Alabama  public school revenue
Category Figure Rank
Total revenue $7,435,758,000 27
Percent from federal sources 11.2% 14
Percent from state sources 55.5% 17
Percent from local sources 33.2% 37

Details

District reopening plans

School districts are responsible for developing their own reopening plans. The roadmap provides three levels of recommendations for districts in creating their plans:

  • Essential – Required by law, policy, or governmental order, or a critical practice.
  • Guidance – Best practices gleaned from research and long-term experience and highly recommended for implementation where feasible.
  • Consideration – Additional best practices informed by emerging research, recent studies, and practical experience.

The guidance gives school districts the authority, based upon the recommendation of their superintendent and in consultation with the Alabama Department of Public Health and local public health officials, to determine whether and how campuses may reopen for the school year.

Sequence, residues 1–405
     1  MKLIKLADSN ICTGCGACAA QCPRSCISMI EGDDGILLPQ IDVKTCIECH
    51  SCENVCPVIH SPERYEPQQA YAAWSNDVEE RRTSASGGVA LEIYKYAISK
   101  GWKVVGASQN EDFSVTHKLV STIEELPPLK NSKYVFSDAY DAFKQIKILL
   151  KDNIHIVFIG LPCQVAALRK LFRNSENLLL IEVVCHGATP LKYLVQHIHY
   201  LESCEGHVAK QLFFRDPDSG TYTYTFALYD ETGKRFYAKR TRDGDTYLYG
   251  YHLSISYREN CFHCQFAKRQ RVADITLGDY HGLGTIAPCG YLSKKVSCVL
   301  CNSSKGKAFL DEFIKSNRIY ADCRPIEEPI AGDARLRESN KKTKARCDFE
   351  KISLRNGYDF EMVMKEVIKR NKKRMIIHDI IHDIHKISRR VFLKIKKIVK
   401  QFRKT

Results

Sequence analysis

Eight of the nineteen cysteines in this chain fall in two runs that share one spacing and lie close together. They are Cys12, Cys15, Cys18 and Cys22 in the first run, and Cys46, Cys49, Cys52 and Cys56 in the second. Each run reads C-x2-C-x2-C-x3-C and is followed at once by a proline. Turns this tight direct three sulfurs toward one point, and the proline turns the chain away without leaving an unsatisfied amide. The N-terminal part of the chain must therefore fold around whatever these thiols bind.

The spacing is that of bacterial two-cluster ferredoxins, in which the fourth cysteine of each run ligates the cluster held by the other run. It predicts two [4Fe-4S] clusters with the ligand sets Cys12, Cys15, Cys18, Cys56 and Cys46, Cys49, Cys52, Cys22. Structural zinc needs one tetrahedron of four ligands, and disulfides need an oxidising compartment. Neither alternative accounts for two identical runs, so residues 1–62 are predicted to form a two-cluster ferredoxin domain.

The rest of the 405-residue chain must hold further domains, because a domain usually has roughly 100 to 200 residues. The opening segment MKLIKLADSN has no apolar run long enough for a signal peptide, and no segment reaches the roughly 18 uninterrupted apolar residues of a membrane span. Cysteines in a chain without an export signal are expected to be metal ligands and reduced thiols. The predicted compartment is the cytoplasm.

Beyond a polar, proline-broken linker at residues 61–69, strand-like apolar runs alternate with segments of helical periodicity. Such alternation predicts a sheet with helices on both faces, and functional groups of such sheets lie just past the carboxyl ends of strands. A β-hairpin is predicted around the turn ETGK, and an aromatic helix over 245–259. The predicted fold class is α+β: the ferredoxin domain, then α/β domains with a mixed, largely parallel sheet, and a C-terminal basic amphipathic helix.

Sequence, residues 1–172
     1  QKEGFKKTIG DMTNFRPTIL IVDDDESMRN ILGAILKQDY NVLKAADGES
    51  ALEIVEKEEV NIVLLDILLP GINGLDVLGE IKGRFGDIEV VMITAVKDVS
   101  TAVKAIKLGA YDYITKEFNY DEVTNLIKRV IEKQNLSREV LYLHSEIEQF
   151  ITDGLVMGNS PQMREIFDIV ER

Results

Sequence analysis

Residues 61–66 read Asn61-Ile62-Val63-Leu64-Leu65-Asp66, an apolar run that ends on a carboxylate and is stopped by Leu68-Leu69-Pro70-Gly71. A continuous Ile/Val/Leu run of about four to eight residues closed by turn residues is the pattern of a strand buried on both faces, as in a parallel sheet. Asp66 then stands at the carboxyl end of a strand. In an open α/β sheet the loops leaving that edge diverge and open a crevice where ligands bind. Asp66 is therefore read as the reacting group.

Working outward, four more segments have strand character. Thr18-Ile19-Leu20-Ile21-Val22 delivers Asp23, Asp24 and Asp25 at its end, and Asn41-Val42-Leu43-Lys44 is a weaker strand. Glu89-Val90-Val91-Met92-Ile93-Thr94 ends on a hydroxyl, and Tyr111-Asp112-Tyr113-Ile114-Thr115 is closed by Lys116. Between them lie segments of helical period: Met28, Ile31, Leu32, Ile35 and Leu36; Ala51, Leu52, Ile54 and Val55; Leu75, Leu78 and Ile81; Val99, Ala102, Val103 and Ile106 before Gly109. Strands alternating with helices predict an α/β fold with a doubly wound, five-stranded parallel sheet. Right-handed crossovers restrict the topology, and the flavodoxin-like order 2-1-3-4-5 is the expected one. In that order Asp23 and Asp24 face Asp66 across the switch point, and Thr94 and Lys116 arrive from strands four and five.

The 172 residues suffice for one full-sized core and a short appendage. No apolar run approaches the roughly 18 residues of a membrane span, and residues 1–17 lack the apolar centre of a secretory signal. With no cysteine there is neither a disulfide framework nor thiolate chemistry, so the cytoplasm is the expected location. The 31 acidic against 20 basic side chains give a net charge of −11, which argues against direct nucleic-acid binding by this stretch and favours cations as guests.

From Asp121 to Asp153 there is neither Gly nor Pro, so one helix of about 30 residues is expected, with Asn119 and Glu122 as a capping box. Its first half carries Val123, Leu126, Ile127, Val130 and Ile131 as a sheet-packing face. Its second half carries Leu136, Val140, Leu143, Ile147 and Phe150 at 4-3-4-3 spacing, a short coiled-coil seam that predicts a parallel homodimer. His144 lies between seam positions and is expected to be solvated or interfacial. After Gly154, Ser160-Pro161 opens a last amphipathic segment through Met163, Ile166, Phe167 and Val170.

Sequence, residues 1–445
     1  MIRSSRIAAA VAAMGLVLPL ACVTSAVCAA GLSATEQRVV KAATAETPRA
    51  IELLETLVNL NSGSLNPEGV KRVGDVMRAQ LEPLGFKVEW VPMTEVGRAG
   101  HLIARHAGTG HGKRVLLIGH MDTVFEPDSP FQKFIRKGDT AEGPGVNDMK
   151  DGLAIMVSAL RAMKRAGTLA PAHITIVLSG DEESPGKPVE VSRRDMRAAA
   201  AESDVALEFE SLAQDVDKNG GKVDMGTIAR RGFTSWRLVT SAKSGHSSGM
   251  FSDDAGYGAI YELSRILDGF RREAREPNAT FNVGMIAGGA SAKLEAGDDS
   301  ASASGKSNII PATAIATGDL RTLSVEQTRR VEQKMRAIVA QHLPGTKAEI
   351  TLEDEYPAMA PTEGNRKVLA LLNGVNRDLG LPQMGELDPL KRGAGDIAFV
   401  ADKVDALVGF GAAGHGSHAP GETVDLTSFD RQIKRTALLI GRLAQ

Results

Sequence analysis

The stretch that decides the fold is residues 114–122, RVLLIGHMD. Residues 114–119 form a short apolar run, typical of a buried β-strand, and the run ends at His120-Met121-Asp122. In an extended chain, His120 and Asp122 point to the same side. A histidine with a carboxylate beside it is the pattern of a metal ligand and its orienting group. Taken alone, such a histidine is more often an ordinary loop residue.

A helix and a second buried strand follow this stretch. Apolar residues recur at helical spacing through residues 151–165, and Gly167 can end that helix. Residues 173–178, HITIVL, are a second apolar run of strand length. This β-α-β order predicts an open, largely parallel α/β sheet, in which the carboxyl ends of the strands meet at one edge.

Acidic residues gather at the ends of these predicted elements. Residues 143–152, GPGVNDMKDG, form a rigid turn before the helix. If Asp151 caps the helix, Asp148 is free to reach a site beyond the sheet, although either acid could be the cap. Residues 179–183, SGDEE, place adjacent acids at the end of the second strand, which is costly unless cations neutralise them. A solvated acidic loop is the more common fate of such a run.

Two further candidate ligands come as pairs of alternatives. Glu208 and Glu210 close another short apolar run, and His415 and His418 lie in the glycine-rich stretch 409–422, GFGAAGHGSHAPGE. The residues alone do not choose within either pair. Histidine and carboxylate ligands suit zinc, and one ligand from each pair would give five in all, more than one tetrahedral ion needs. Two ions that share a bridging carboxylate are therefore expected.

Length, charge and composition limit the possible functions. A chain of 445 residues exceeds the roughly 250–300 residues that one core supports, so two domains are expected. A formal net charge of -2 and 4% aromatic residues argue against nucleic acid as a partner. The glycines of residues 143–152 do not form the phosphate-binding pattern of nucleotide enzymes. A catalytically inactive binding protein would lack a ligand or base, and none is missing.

In-person, hybrid, and online learning

The guidance outlines three instructional scenarios for the 2020-2021 school year:

  • Traditional – Students attend classes in a traditional, on-campus setting.
  • Remote – Students attend classes “remotely” using a variety of virtual and paper resources. Teachers have regular check-in times and can provide virtual instruction.
  • Blended – Students transition between traditional and remote and back again based on need and preference.

School districts are responsible for developing and implementing procedures for each of these three instructional scenarios. ADOE recommends all public schools provide access to both traditional and remote options throughout the 2020-2021 school year at a minimum.

Mask requirements

The roadmap defers to state guidance on face coverings. On July 15, Ivey issued a mask mandate for all individuals in public spaces and in close contact with other people through July 31. The order exempts children six years old or younger.